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Evangelical relief organizations ready to respond to effects of global warmingcomment (0)

October 14, 2004

After taking part in an early October briefing by environmental experts, officials of evangelical Christian relief groups said they expect to address the impact of global warming on the poor.

The Evangelical Environmental Network and the relief organization World Vision hosted a daylong discussion on climate change Oct. 4. Relief group leaders said predictions of greater floods and drought will lead them to work with Third World populations to prepare for and cope with changing weather patterns as well as help Western donors understand the seriousness of global warming.

The briefing — featuring representatives of the scientific, religious and political communities — continued efforts by evangelicals to draw greater attention to their role in addressing environmental changes. “Climate change is, I believe, a moral, ethical and developmental issue rather than a simple environmental issue,” Bob Watson, chief scientist for the World Bank, told the two dozen people gathered at World Vision’s Washington office.

Vulnerable to change

“Industrialized countries are primarily responsible for causing the Earth’s climate to change, but developing countries ... are the most vulnerable to climate change and the actions of today will affect our future generations,” Watson said.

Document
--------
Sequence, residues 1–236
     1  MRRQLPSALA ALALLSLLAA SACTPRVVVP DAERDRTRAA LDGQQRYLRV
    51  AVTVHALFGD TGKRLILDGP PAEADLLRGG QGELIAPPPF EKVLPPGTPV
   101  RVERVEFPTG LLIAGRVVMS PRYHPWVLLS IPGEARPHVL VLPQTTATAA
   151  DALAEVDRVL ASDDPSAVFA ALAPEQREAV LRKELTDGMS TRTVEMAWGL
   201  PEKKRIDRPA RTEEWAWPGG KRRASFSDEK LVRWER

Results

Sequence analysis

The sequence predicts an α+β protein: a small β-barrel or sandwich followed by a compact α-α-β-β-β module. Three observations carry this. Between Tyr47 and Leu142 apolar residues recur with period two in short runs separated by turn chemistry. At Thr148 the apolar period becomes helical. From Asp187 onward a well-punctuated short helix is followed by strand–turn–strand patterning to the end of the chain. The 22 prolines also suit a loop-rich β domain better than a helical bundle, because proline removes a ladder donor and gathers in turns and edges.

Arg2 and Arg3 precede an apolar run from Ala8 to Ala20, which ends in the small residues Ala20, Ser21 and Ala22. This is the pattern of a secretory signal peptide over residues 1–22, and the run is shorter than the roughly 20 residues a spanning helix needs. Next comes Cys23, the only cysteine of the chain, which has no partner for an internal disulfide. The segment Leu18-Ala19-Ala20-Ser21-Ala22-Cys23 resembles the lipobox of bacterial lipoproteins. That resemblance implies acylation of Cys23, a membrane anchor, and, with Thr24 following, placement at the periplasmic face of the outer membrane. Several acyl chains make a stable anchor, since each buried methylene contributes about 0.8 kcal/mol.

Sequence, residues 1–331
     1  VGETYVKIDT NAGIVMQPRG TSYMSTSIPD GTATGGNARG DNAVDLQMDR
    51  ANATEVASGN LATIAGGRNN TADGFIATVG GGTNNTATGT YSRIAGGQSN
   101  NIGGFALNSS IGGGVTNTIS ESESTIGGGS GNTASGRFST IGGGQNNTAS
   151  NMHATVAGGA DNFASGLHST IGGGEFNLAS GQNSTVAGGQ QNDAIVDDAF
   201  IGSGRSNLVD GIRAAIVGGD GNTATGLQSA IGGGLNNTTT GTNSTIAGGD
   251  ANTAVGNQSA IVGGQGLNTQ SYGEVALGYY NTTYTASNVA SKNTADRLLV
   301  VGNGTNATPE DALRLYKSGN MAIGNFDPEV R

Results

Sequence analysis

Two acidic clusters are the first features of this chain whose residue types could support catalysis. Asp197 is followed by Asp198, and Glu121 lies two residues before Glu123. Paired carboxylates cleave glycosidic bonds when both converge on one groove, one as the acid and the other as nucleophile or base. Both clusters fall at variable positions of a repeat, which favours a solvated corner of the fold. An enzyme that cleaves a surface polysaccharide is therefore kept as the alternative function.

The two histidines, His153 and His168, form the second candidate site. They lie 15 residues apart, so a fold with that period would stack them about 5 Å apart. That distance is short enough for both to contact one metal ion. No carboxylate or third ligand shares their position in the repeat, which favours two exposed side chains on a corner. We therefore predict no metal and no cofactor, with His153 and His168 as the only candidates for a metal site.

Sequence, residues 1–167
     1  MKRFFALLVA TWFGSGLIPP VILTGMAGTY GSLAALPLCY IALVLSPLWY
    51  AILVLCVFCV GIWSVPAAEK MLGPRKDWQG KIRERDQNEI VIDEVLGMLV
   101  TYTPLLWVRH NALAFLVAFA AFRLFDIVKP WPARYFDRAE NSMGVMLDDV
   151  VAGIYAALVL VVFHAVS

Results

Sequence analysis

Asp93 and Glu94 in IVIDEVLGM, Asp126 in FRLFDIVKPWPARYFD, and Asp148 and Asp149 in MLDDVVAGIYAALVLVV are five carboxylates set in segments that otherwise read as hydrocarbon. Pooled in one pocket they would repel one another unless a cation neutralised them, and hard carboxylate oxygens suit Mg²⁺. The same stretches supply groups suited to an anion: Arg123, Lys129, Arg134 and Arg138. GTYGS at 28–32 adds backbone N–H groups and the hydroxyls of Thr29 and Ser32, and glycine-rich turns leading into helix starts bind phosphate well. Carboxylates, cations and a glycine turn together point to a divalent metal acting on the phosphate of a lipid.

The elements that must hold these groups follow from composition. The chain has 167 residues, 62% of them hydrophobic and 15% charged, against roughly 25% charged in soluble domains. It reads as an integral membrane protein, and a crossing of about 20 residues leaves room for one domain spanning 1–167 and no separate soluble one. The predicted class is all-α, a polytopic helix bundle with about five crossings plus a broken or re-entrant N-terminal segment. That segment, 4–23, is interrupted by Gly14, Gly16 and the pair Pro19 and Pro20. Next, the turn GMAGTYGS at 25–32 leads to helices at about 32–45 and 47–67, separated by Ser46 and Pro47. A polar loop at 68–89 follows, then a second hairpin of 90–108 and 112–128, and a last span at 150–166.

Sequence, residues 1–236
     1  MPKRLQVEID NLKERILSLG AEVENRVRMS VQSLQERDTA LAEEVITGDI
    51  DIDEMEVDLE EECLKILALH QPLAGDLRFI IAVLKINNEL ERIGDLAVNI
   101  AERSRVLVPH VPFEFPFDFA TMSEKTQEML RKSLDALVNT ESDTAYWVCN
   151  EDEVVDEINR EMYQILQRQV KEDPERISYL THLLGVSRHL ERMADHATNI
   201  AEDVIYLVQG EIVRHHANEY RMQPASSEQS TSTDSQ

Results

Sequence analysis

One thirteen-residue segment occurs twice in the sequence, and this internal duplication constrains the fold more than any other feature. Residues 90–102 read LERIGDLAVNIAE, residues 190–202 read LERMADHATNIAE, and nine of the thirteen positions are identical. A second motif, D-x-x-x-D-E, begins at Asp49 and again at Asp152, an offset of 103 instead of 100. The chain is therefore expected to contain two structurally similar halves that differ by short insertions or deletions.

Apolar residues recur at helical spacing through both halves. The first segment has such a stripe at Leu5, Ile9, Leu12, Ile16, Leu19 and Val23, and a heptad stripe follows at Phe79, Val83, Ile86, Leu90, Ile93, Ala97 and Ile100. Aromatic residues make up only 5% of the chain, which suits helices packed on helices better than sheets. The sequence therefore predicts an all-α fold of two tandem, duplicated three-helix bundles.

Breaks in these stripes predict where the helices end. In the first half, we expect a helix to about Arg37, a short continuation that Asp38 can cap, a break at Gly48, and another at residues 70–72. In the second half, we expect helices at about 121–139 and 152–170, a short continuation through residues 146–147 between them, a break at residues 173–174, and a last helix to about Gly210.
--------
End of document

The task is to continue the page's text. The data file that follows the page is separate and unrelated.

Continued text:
He said the Earth’s temperature had increased by one degree Fahrenheit in the last 100 years, prompting dramatic changes in flooding and drought that particularly affect poor populations across the globe. He predicted worsening problems — both physical and human — given scientists’ expectations that the warming will continue, and discussed how they are urging reduction of greenhouse gases, which contribute to climate change.

Bruce Wilkinson, senior vice president for the international programs group of World Vision, said the briefing heightened awareness that relief organizations need to develop programs to address effects of climate change and help their donors understand its impact.

“It’s important that our constituents are brought along in terms of their understanding of the ... social justice issue here,” he said in an interview. “It is unjust that these (poor) communities suffer the impact of climate change, which is 80, 90 percent created in the West, and most of the negative impact ... is happening within their societies, on their health, on their food production, on their water sources.”

While some relief organization staffers were aware of the effects of global warming on the people they serve, others were not. Galen Carey, director of advocacy and policy for Baltimore-based World Relief, said the briefing reinforced his awareness that the devastation affecting flood and drought victims may only increase.

Keith Norris, director of economic development for the Asia Pacific region for World Hope International, wondered how the weather patterns would affect subsistence farmers his organization has assisted with small business programs.

“It’s an awakening for me,” said Norris, whose relief agency is based in Springfield, Va. “I didn’t really realize the impact that the climate change would have on the poor.”

The briefing followed a similar gathering in North East, Md., in June of top evangelical leaders who committed to work on environmental issues, including global warming.

In that same month, the National Association of Evangelicals issued a draft document on civic engagement that featured a section calling on evangelicals to “protect God’s creation.”    (RNS)

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